Bloc Québécois (BQ) have nationalist policies and their entry into federal politics in 1991 has further irritated the west, as the party strongly supports policies seen as detrimental to the west including: carbon taxes and other measures specifically aimed at the oil industry; same sex marriage; and the gun registry. During the same sex marriage debate, some Albertan Conservatives suggested that the federal law be amended to make the definition of marriage strictly a provincial issue, believing the Bloc reasonably ought be swayed to support that as opposed to a law compelling the Albertan government to recognize the change.

Economic factors, including equalization payments and other transfer payments, have caused great discontent, especially in Alberta. In 2005, Alberta's share of equalization payments was calculated to be approximately $1.1 billion, less than that provided by, but significantly higher on a per capita basis than, Ontario. Equalization payments are made by the federal government to the six current "have-not" provinces. Unlike social and health transfers, there are no restrictions over how this money is spent at the provincial level. In 2009–2010, Quebec received $8.552 billion, making it the single largest beneficiary, as it has been throughout the program's history. In the 2009–2010 fiscal year, Ontario received an equalization payment of $347 million, the first time in the 51-year history of the program. British Columbia was a "have-not" province for just over five years, ending in 2006–2007, when it received $459 million.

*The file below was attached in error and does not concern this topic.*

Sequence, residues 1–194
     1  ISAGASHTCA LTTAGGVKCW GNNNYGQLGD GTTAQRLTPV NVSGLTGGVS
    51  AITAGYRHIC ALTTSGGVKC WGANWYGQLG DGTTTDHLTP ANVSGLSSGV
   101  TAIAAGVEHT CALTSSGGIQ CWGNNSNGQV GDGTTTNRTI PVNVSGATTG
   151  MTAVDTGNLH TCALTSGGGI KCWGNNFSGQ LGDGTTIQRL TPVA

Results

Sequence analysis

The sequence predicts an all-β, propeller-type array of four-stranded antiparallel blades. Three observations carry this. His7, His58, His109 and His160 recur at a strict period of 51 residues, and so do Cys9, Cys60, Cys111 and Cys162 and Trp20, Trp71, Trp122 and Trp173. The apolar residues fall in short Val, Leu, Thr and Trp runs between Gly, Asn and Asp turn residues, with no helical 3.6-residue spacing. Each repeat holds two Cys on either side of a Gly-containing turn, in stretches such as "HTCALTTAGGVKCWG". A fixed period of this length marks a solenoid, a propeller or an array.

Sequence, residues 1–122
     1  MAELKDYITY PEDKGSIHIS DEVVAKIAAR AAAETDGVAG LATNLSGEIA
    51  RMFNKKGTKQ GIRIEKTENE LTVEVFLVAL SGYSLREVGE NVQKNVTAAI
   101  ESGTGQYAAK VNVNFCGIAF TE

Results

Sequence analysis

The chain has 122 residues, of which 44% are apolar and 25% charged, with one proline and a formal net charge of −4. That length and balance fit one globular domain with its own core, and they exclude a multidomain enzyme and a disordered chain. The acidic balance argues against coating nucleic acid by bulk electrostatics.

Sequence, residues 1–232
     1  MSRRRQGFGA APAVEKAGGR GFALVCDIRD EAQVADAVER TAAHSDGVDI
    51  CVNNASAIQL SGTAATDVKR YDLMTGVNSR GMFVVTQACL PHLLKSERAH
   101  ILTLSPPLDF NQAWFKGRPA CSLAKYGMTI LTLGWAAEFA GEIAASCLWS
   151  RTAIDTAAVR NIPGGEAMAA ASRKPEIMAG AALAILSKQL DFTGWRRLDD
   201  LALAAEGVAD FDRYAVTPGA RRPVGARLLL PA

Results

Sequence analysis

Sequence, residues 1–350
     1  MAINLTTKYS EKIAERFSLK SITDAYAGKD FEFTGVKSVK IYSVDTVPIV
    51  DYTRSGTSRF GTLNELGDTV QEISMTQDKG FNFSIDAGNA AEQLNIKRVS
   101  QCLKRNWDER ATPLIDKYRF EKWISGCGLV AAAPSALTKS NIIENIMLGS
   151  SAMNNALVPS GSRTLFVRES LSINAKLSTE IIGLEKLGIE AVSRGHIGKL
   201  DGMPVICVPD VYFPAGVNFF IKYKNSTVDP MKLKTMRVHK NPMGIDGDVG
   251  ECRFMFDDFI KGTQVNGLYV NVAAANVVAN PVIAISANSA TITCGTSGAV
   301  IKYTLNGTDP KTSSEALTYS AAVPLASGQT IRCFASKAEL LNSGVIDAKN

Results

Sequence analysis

Geographically, the densely populated areas of the four western provinces are separated from Southern Ontario by Northern Ontario, a very sparsely populated region. In particular, Northwestern Ontario borders Manitoba and is almost equal in size to Manitoba, but contains less than one fifth of Manitoba's population. The implications of these facts were recognized as early as the 1880s, when the government of Sir John A. Macdonald attempted to make much of what is now Northwestern Ontario part of Manitoba. Although Macdonald justified this transfer on the basis that it would be easier to administer the region from Winnipeg as opposed to Toronto, Ontario fiercely protested and Macdonald was compelled to back down.

Other than by air, the "all-Canadian" travel links between Eastern and Western Canada are considered poor by modern North American standards. One option is to take The Canadian, a passenger train now operated by Via Rail two or three times weekly depending on the season. By train, it takes roughly 36 hours on average to travel from Winnipeg to Toronto. The only other option by land is to travel on Ontario Highway 17, which is a two lane highway for most of its length. Most Canadians who wish to travel from East to West and/or vice-versa (and for whatever reason are unable or unwilling to fly) reject the all-Canadian routes in favour of travelling through the United States, which is both shorter and less expensive. This preference has persisted even in the face of stricter border controls instituted since the September 11 attacks. Therefore, some commentators have compared the Canadian Shield to an ocean in the way that it physically separates the peoples of Western and Eastern Canada. For the people of Western Canada, this has the potential to create the perception that the West is little more than a colony, ruled from distant Ottawa in much the same way that the British North American colonies were once ruled from distant London.